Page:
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Re: [Public WebGL] Antialiasing being disabled on some Mac OS hardware

I agree with Ken that FXAA isn't an appropriate MSAA replacement in all cases, but it's an intriguing thought nonetheless.

One interesting approach is that the nature of FXAA and friends means that if you really wanted it a developer could add it to their WebGL app without the need for browser support. It could also be reasonable to inject a Post-process AA method into almost any WebGL canvas via a browser extension. I've actually looked into building something like that before and it appears that the biggest stumbling block is detecting when a frame is finished and about to be presented to the screen, which is the point that you want to run your AA pass. You can reasonably guess at when that will happen by shoving some hooks into setTimeout/requestAnimationFrame (which is what extensions like Ben Vanik's WebGL Inspector are forced to do), but that won't catch things like rendering that's triggered by mouse or keyboard input. Still, it would be appropriate for most apps, and if we could get a "about to present" event from the browser it could be made 100% reliable.

(For the record, I've already brought this topic up on the mailing list before: https://www.khronos.org/webgl/public-mailing-list/archives/1201/msg00167.html)

Of course, a browser extension isn't as desirable as having built-in support for a feature, and it doesn't address the desire to have deeper access to hardware AA methods, but it could function as a useful stop-gap solution for individuals who are willing to make the visual trade-offs involved.


PS: For anyone on the mailing list not familiar with FXAA read up on it here. Or check out a similar technique, SMAA.

On Tue, Nov 6, 2012 at 2:41 PM, Kenneth Russell <kbr@google.com> wrote:

Potentially -- but I personally would not be comfortable substituting
FXAA for MSAA as Chrome's antialiasing implementation for WebGL. It
doesn't provide high quality enough results in all cases. I'm thinking
about MapsGL in particular, which draws fine vector lines and text.
(As it happens, the MapsGL team has implemented their own iterative
antialiasing algorithm, insulating themselves from this change to the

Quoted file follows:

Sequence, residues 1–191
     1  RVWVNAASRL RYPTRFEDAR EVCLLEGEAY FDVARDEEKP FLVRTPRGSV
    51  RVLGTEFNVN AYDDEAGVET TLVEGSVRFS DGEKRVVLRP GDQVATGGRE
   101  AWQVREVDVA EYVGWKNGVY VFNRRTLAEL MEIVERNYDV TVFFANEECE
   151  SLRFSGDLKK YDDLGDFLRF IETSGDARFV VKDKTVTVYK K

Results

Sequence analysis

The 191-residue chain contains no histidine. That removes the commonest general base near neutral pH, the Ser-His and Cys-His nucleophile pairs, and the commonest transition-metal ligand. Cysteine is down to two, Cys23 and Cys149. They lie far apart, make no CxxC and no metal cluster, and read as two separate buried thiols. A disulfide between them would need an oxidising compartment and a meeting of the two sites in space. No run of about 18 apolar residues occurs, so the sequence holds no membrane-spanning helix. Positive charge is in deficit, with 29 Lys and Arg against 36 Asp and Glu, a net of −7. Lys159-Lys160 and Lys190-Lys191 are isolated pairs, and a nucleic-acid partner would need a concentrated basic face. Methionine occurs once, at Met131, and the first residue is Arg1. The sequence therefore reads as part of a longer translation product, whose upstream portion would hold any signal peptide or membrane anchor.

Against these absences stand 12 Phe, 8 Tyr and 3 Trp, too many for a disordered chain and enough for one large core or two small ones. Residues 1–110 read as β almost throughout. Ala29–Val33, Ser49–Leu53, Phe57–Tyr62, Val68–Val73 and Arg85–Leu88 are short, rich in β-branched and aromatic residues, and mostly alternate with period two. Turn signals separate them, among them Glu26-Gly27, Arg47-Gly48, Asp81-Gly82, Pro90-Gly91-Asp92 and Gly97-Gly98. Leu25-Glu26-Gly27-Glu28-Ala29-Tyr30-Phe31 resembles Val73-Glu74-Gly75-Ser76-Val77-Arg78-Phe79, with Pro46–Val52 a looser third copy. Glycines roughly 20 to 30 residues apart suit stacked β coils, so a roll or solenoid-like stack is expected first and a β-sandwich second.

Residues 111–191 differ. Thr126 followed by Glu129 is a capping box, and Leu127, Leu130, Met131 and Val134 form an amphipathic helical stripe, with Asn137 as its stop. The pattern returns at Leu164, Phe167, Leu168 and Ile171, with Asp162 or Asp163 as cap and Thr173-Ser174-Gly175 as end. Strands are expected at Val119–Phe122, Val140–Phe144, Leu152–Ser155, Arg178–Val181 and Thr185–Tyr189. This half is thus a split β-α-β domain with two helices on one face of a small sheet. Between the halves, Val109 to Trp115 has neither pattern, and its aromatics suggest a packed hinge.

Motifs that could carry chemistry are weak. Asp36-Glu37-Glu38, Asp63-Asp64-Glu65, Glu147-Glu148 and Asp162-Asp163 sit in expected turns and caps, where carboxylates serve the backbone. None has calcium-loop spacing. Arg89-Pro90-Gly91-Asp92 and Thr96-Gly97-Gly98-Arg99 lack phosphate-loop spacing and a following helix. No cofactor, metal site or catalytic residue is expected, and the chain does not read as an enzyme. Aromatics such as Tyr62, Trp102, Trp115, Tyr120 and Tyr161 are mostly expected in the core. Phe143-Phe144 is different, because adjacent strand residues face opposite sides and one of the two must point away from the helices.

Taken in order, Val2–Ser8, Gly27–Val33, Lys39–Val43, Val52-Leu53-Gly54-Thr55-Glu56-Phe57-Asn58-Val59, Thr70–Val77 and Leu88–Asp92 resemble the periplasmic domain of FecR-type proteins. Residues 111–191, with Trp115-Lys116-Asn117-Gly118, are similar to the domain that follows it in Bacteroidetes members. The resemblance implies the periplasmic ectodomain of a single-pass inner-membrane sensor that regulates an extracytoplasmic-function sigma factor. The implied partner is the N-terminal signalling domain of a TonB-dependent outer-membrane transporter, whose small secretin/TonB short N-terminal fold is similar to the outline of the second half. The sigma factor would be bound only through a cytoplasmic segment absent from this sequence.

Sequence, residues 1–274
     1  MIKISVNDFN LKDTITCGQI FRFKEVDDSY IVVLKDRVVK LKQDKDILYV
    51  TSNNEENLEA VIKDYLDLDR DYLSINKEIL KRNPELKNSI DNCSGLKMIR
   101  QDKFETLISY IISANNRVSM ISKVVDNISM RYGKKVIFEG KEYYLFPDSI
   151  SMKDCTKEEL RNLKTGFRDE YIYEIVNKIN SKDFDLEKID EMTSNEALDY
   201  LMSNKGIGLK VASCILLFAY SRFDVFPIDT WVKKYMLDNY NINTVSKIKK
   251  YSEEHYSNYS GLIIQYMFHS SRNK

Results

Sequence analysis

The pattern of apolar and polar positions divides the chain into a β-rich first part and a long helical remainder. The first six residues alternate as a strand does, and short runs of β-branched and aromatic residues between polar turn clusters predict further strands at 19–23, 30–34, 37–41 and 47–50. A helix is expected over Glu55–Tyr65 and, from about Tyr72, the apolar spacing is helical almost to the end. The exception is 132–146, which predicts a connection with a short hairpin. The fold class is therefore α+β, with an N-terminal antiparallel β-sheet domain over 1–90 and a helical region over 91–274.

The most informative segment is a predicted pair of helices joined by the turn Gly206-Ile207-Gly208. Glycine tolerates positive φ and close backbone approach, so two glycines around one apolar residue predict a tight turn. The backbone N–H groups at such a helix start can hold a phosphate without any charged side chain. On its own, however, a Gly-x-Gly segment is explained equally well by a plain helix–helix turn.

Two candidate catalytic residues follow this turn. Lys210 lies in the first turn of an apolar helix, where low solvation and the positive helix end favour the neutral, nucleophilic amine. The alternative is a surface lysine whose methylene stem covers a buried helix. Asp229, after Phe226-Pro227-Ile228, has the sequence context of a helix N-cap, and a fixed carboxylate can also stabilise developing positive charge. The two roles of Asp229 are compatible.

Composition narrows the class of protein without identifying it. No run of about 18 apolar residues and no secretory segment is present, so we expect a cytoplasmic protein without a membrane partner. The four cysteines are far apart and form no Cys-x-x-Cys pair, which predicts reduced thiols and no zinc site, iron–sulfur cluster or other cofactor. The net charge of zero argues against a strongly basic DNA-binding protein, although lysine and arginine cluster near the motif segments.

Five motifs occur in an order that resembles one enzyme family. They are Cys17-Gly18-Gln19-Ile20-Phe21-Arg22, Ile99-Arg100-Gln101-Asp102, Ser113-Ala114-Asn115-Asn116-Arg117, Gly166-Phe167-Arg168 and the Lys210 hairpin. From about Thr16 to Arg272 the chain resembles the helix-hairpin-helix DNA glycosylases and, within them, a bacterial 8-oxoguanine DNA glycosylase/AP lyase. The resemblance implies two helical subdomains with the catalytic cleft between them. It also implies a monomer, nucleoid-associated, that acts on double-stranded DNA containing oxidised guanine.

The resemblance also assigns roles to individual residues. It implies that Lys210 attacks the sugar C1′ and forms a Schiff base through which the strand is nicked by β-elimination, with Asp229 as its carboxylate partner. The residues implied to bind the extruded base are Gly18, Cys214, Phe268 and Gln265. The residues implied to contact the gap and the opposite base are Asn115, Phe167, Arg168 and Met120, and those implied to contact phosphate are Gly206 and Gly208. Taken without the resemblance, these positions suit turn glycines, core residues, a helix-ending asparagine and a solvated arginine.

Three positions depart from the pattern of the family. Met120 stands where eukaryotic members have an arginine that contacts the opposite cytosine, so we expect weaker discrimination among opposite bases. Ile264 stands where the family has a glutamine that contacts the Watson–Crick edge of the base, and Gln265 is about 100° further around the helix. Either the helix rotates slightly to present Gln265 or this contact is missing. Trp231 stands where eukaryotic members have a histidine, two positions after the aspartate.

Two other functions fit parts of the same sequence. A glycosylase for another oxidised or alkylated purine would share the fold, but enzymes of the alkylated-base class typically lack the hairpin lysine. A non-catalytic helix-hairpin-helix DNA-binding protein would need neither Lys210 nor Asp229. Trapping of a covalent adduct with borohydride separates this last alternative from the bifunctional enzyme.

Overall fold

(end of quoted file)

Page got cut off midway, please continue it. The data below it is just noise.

WebGL implementation.)

One developer suggested on http://crbug.com/137303 that WebGL should
just expose all of the antialiasing options on the hardware and let
the developer choose. Maybe this is something that should be discussed


On Tue, Nov 6, 2012 at 2:07 PM, Florian Bösch <pyalot@gmail.com> wrote:
> WebGL surfaces being FBOs anyway, couldn't you have a fallback AA (like
> FXAA) in this case (and cases like it)?
> On Tue, Nov 6, 2012 at 10:58 PM, Kenneth Russell <kbr@google.com> wrote:
>> WebGL community:
>> This email is public notification that support for antialiasing is
>> being disabled in some WebGL implementations, and on some hardware, on
>> Mac OS. The affected machines are those with NVIDIA and Intel GPUs.
>> The MapsGL team at Google reported a bug some time ago (
>> http://crbug.com/137303 ) in which rendering would occasionally be
>> corrupted. Brandon Jones from the Chrome team at Google successfully
>> created a reduced standalone test case which provokes the problem, and
>> has filed two bugs with Apple.
>> Unfortunately, once the problem was understood, given its nature it
>> was necessarily to immediately disable antialiasing support in the
>> WebGL implementation. This has already been done in Chrome, and we
>> expect that other implementations will follow soon. Brandon has also
>> added a new WebGL conformance test which successfully provokes the
>> problem the majority of the time, which will be used as a regression
>> test.
>> I am disappointed to have to convey this news as it will adversely
>> affect the rendering quality of all WebGL applications. I hope for a
>> speedy resolution to the bugs that have been filed, and look forward
>> to re-enabling antialiasing support in WebGL on these hardware
>> configurations as soon as possible.
>> If you encounter WebGL developers surprised by this change, please
>> point them to this thread in the mailing list archives:
>> https://www.khronos.org/webgl/public-mailing-list/archives/ .
>> Thanks,
>> -Ken
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